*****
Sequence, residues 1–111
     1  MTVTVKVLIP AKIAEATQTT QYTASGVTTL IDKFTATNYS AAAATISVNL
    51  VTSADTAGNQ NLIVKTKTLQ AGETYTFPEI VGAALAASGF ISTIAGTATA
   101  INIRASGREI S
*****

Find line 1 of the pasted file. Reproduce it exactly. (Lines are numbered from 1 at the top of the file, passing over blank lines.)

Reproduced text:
Sequence, residues 1–111